In the meantime, a search for Manuel Martinez was underway. Before long, he was tracked down in the mountains, who threatened to lynch him as a ploy to get him to confess. In no time, Martinez spilled his guts. He was brought in just as the jury was out on Silvas’ verdict. Martinez was immediately booked for murder, and Silvas’ jury was dismissed, pending further evidence from Martinez.
Despite his confession, Martinez pleaded not guilty in the Santa Cruz County Superior Court on May 16, 1922. However, two days later, it took 12 jurors only 40 minutes to find him guilty of first-degree murder.
The very next day, Silvas’ trial began once again in earnest. Despite the evidence, the jury was hung, and a new trial was ordered.
A third trial was ordered for Silvas, which lasted 21 days, going on record as the longest criminal trial ever held in Santa Cruz County. After hours of debate, the jury finally found Silvas guilty of murder.
On July 12, the two men appeared for sentencing. Martinez was sentenced to be hanged on August 18, 1922, while Silvas was sentenced to life imprisonment in the Arizona state penitentiary. Judge W.A. O’Connor said of the crime: “The crimes of which you have been convicted are perhaps the cruelest ever committed in Arizona. Let the punishment that awaits you serve as a warning to others who may contemplate the commission of similar crimes.”
But the drama was not yet over. The next night Santa Cruz County Sheriff George White and Deputy L. A. Smith loaded the prisoners into a car to take them to the state prison at Florence. But, before they reached their destination, Pima County Sheriff Ben Daniels received a disturbing phone call. The prisoner’s car had been found rolled over in a ditch near Continental, Arizona. Near the car, the bodies of White and Smith were sprawled on the ground with their skulls caved in. White was already dead, but Smith was still breathing and was rushed to the hospital.
Authorities immediately began an investigation, finding a place about 200 feet from the wreck where it appeared the prisoners had jumped from the moving car. Nearby was a blood-stained wrench used to bludgeon Officers White and Smith.
Lawmen, using dogs, immediately began to pursue the outlaws. But it was raining, and the dogs quickly lost the scent. The pursuit was given up for the night but immediately resumed the following day. Following their trail over the Santa Rita Mountains, they lost it near Ruby.
In the meantime, Deputy Smith died without ever regaining consciousness. As the news spread of a third double murder, area citizens were enraged, and volunteer posses poured in from Pinal, Pima, Cochise, and Santa Cruz counties, who were sent out to scout the desert and guard the roads.
The dogs were brought in once again but were of no help. Five days after the convicts’ escape, some 700 men were combing the area in the most extensive manhunt in the history of the entire Southwest.
Finally, on the sixth day, a blood-stained file was found that authorities believed the convicts had used to cut off their handcuffs. Immediately, the lawmen were on the trail again, finally catching up with the pair hiding underbrush in the Tumacacori Mountains. Having run for over 70 miles of broken country, they raved with thirst and exhaustion. Arrested again, they were taken to Nogales before being whisked off again to the penitentiary. This time there would be no escape for the two men.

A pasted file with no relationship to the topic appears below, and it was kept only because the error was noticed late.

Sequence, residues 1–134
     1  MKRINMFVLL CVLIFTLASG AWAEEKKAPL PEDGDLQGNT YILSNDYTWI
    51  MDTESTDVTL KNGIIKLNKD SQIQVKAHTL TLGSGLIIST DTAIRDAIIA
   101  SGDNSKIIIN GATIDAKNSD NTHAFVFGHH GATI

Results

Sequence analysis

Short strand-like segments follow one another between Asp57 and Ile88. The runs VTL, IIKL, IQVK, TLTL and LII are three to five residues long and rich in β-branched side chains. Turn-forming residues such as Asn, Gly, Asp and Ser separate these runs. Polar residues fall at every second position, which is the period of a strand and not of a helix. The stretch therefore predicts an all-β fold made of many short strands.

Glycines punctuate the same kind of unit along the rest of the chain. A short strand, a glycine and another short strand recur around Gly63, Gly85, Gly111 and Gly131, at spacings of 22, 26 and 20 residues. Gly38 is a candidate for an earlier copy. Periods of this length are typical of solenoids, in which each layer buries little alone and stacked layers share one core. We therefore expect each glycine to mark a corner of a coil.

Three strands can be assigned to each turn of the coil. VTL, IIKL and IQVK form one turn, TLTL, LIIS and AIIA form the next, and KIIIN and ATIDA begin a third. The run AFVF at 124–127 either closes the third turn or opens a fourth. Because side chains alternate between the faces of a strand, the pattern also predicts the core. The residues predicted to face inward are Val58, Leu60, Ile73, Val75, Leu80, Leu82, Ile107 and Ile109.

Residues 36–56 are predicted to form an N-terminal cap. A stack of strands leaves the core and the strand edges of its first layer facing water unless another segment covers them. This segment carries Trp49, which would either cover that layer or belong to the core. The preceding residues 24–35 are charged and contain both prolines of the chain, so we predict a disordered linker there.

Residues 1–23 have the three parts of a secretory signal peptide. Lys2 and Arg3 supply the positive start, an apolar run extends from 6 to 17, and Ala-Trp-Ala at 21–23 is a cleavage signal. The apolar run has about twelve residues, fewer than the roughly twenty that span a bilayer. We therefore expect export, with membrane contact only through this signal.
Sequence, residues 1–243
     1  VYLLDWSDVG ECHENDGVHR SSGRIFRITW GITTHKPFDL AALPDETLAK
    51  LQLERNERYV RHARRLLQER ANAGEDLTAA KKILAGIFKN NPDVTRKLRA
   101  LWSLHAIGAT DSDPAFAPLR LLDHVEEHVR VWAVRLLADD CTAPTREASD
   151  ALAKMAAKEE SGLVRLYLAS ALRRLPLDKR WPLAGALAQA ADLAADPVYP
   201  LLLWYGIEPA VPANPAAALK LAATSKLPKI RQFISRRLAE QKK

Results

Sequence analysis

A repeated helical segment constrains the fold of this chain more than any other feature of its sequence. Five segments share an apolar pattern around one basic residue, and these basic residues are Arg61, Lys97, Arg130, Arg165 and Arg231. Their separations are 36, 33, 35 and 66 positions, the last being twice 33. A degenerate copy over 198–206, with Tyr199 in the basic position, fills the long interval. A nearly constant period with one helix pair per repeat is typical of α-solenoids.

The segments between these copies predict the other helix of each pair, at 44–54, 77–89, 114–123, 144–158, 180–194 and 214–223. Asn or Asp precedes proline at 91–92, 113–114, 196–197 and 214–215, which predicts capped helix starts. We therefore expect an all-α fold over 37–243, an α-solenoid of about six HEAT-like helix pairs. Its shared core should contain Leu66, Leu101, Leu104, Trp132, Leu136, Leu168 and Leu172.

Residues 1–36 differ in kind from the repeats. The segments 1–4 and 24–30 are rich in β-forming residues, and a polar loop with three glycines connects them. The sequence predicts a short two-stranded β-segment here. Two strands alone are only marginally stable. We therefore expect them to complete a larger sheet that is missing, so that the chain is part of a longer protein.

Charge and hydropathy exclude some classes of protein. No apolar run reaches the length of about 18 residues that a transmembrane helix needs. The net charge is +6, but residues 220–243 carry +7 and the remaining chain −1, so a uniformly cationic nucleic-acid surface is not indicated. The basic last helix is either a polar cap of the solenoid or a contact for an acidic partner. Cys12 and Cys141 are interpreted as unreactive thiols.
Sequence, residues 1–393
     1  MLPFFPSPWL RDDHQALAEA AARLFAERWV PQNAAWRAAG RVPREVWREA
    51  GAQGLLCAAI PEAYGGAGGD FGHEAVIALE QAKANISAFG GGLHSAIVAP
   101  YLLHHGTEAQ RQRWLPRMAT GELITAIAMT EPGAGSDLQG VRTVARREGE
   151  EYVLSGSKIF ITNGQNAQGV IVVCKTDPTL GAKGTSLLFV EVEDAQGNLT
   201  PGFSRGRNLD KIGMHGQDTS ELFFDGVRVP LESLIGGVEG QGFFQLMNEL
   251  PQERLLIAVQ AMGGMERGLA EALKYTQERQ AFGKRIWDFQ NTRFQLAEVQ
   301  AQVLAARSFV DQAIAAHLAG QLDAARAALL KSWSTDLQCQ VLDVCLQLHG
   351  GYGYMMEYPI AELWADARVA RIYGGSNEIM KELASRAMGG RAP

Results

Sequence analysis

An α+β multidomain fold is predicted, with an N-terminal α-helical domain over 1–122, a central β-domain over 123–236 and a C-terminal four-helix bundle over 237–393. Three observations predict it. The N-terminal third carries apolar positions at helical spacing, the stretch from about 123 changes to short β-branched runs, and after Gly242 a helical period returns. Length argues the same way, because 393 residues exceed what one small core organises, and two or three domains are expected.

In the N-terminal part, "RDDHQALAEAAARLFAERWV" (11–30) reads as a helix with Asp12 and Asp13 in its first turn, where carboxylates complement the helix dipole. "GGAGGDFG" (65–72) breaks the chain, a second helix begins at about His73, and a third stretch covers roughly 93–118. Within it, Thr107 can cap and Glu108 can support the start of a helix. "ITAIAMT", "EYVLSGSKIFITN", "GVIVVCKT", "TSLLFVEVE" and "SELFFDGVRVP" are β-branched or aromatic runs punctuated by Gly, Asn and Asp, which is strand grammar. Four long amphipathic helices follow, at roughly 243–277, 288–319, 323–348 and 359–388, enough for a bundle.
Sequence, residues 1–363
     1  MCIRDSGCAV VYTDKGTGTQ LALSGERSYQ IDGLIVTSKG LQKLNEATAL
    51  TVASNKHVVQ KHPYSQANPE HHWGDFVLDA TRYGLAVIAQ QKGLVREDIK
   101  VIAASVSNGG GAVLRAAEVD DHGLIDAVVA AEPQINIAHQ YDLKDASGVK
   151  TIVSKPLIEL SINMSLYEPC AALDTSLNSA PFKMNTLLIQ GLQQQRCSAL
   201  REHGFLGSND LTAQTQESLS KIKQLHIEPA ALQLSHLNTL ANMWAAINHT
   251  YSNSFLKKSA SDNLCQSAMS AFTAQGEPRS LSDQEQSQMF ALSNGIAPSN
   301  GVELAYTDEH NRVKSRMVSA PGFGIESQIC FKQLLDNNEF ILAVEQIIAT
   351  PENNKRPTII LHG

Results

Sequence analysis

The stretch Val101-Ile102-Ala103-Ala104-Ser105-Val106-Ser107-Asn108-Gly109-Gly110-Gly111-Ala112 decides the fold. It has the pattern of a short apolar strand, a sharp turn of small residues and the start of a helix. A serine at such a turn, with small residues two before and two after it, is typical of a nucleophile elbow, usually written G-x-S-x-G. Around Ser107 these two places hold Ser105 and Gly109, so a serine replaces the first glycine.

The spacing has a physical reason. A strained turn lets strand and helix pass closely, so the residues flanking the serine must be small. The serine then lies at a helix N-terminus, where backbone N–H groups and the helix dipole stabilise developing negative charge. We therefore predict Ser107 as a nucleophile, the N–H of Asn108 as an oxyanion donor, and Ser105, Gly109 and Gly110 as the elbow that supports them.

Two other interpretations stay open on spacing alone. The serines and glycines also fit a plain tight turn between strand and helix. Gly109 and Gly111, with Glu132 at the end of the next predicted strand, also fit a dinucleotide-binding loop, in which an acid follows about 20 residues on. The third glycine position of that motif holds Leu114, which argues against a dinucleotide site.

On his execution date, Martinez was granted a last-minute stay of execution. As his appeals dragged on, they were finally exhausted, and he was sentenced to die again on May 23, 1923.
In another desperate attempt, the Mexican Consul obtained a writ that again delayed Martinez’s execution. However, the Supreme Court intervened, quashed the writ, and sentenced the killer to die for the last time. On August 10, 1923, Martinez was hanged.
Placido Silvas was sent to prison for life. However, on December 3, 1928, he escaped from a State Penitentiary work ranch and was never seen again.
In the meantime, the town of Ruby, so drenched in blood, petitioned the U.S. War Department for protection, which stamped out the threat of bandit raids. Ruby lived on, albeit quietly, for the next couple of years. Unbelievably, the store sold again and was run by a man named Worthington, who operated it for a couple of years.
In 1926, Ruby was to see excitement again when the Eagle-Picher Lead Company bought the mine. Leading to Ruby’s most prosperous period, the Eagle-Picher Lead Company brought in much-improved technology, hired some 300 men, built several dams for obtaining water, and the town boomed.
When the dams still did not provide enough water, the company built a 15-mile-long pipe extending to the Santa Cruz Valley that lifted water 1,500 feet in two storage tanks. Before long, the town had electricity provided by the company’s diesel engines, a doctor, an infirmary, company stores, a school with three teachers instructing eight grades, the ever-present saloon, and some 2,000 residents. The mine ran 24 hours daily, only closing on Christmas and July 4.
From 1934 to 1937, the Montana Mine was the leading producer of lead and zinc in the state and the third-largest in silver production. However, the ore finally played out in 1940, and the town became a ghost. The mill operation was moved to Sahuarita. The post office closed forever on May 31, 1941. Though no records exist on the dollar amount taken from the Montana Mine, one estimate puts the total for the Oro Blanco district at more than $10 million between 1909 and 1949.